Three Tricks to Reducing Negative Self-Talk After Bariatric Surgery
Years, or even decades of excess weight, have likely made you question yourself, beat yourself up, and create a mental environment of negative self-worth. It sounds extreme when you read it on paper, but everyone does it to some degree or other, no matter how fit, intelligent, or beautiful they may be.
These years of beating yourself up and putting yourself down don’t just go away when you lose weight, even if your negative self-talk was very much weight related. Our minds are very flexible, and adaptability allows for significant changes that are needed to reverse some of these thoughts and actions. For example, think of a habit. Getting into a routine is often straightforward but surprisingly difficult to remove yourself from. As such, anyone who tells you that positive self-talk is all you need to get back on track doesn’t understand how the brain is wired for the challenges one faces after bariatric surgery.
Small Steps Toward Significant Changes
Consistency and honesty are the keys to changing your mind over the long term. The negative self-talk is often very sporadic, coming at times when you are stressed or angry. It’s also very extreme in that you’re usually not pointing out faults or concerns that you can quickly change but more significant or systemic issues that require time and patience to work on, making it even more dangerous. So, here are three ways to start changing that negative self-talk and bring yourself back to the point of honest conversation that acknowledges your flaws but doesn’t center your life around them.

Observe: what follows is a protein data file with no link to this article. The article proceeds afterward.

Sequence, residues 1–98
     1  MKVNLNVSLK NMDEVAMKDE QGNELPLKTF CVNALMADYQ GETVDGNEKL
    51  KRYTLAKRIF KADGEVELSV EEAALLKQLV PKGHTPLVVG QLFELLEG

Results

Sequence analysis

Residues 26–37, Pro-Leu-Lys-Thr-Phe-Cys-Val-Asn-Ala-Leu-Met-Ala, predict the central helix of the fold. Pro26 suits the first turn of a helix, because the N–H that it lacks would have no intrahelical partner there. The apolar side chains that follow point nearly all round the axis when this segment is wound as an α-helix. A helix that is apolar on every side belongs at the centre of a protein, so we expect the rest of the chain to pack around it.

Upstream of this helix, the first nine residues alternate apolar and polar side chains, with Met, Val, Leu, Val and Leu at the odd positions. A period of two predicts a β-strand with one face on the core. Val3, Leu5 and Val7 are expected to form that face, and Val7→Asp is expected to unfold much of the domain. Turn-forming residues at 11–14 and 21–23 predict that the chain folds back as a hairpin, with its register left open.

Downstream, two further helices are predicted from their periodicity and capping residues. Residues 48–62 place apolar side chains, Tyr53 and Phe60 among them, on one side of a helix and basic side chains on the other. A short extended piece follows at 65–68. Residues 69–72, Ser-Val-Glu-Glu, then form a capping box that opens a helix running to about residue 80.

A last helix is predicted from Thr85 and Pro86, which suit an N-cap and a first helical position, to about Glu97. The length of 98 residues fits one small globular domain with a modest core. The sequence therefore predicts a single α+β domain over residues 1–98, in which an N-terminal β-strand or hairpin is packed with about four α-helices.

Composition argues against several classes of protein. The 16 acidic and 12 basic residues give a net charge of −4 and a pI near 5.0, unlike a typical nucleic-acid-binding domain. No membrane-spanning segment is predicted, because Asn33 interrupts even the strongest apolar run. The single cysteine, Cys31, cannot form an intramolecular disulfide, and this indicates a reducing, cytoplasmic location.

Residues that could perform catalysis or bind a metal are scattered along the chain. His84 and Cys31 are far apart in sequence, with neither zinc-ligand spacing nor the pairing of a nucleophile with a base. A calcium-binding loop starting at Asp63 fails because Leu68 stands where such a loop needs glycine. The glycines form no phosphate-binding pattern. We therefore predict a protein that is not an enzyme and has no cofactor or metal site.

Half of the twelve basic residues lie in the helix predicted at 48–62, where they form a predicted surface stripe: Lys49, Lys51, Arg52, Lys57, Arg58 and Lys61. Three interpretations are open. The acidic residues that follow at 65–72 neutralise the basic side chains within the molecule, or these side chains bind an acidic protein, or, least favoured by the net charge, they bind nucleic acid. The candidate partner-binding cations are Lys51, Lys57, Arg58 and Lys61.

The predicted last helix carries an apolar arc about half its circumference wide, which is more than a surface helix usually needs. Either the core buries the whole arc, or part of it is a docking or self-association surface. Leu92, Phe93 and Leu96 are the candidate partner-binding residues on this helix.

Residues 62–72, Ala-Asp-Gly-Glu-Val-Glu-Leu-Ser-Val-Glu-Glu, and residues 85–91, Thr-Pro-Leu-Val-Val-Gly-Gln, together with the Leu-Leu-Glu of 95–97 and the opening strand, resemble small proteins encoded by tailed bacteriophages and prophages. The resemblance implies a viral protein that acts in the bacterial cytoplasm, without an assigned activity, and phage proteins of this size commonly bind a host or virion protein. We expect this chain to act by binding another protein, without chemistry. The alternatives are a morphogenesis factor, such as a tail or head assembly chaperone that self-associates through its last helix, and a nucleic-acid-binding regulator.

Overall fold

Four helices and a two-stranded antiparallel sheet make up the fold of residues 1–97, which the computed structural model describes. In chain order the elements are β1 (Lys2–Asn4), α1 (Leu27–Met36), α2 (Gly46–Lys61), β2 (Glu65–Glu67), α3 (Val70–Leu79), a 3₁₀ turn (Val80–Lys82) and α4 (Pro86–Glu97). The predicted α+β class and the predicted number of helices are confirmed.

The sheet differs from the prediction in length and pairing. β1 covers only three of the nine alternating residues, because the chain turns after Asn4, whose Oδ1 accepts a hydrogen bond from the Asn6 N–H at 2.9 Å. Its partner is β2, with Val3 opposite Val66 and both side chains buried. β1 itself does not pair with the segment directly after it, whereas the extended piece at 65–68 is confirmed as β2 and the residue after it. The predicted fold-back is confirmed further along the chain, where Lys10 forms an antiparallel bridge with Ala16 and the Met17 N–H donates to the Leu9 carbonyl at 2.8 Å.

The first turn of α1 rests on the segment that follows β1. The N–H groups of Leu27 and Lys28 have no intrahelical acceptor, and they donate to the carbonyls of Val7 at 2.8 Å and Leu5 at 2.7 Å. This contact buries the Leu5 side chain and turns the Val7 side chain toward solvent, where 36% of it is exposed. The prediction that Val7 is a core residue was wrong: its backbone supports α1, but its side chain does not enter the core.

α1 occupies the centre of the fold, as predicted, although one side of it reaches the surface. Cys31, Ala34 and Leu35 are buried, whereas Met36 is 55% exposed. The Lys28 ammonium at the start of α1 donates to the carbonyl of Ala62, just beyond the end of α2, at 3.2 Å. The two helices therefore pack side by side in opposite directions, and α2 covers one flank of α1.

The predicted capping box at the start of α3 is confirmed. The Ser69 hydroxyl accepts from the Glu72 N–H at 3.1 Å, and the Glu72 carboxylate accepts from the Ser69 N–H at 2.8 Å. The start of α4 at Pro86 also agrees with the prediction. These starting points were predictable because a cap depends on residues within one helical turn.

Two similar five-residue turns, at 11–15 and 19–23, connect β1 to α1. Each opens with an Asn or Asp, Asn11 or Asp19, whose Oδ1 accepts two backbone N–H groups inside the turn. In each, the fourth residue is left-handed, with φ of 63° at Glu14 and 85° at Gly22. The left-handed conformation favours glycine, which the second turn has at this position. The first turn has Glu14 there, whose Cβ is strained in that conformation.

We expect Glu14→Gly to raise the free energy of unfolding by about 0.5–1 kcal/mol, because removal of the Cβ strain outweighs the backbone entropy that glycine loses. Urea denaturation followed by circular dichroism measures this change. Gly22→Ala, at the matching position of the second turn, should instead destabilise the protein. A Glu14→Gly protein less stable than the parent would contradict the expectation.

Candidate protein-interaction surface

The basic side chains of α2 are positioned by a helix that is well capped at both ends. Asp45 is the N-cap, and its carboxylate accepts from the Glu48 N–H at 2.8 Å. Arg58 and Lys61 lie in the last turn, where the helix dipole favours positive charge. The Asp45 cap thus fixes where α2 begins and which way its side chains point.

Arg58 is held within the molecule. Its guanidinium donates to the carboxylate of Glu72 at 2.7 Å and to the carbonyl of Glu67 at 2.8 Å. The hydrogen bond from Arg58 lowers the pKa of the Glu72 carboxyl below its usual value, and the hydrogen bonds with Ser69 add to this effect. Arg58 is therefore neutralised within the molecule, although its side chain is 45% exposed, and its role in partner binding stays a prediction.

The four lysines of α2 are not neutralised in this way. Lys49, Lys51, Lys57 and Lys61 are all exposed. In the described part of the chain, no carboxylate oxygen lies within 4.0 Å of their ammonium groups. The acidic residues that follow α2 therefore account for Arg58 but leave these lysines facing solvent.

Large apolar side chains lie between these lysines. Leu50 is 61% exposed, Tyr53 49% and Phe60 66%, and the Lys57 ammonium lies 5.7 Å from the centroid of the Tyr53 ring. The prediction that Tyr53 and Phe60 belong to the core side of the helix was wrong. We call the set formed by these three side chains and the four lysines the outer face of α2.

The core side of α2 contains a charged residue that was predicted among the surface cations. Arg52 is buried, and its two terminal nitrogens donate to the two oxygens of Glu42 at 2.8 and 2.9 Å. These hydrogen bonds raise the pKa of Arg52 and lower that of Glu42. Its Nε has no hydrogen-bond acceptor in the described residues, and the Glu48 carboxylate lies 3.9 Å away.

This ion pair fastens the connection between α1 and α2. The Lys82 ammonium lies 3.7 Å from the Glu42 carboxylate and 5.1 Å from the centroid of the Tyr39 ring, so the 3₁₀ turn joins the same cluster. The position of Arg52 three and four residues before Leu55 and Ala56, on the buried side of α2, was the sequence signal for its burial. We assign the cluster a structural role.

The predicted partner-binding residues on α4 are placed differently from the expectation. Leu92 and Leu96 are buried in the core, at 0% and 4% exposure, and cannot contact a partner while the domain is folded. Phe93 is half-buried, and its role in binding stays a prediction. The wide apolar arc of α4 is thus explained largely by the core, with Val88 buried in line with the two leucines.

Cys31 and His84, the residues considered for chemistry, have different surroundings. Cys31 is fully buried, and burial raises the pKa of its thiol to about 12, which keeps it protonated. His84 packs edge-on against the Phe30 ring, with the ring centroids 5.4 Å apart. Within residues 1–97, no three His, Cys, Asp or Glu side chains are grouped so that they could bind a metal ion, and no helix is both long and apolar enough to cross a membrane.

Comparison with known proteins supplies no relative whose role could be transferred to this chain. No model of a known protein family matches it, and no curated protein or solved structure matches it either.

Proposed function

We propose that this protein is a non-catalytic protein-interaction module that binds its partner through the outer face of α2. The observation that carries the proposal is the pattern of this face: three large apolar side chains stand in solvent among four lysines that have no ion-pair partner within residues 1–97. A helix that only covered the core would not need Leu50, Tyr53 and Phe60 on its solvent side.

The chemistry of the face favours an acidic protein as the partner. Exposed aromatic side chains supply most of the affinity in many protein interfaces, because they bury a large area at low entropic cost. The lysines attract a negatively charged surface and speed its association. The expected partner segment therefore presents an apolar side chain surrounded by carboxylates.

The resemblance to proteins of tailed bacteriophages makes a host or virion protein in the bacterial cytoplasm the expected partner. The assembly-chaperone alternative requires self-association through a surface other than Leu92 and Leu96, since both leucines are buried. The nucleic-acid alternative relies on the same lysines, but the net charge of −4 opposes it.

Acknowledge the Success of Others and Ourselves
We tend to diminish or marginalize the achievements of others when we don’t feel great about ourselves; yes, some of the very fit people you see on the street are naturally predisposed to not gaining weight. Or they may have worked hard to maintain their body weight by avoiding certain foods and exercising appropriately. Either way, it’s OK to acknowledge that they look good. Giving someone else kudos for their appearance can often change the tide of negative self-talk. Even better, compliment them and see how they appreciate your acknowledgment.
Do Some Mirror Work
Bariatric surgery corner contributor and sex educator Liz Mallers follows a great technique put forth by Dr. Emily Nagoski. Stand in front of the mirror as unclothed as you feel comfortable and point out everything you like about your body. During your weight loss phase, you may not feel good about your stomach or the excess skin on your arms, but do you have great eyebrows? Or well-formed ears? Do you have nice knees? It sounds comical, but you are starting to recognize that not everything is terrible, and regardless of whether you believe it, you have many fantastic qualities. In time, the things you like about yourself will multiply.
When we don’t like our bodies, we tend to pull away from communication with our friends, spouses, or partners. It’s our defense and coping mechanism. Still, while you may feel more comfortable not discussing what you think about yourself, you’re hiding from the possibility of making a significant change in your life. Intuitively, you know what those around you think. This is especially true if they knew you before you gained the weight. There’s nothing to hide, and you don’t have to be the strongest person in the world. Having a frank conversation with those closest to you can give them some insight into your journey, motivate you to make the changes you want, and allow them to be a cheerleader and help in whatever you decide is the best way forward.
As you can see, all these tactics and techniques to overcome body dysmorphia are centered around being honest with yourself and others. It’s challenging to open up and admit that you are struggling but losing 50 or 100 pounds is also amazingly tough. Your mind and body work symbiotically.
No matter what route you choose for your weight loss goals, know that those around you are cheering you on and looking forward to your success. Take advantage of that by helping them understand what you’re going through and giving yourself the tools to succeed over the long term.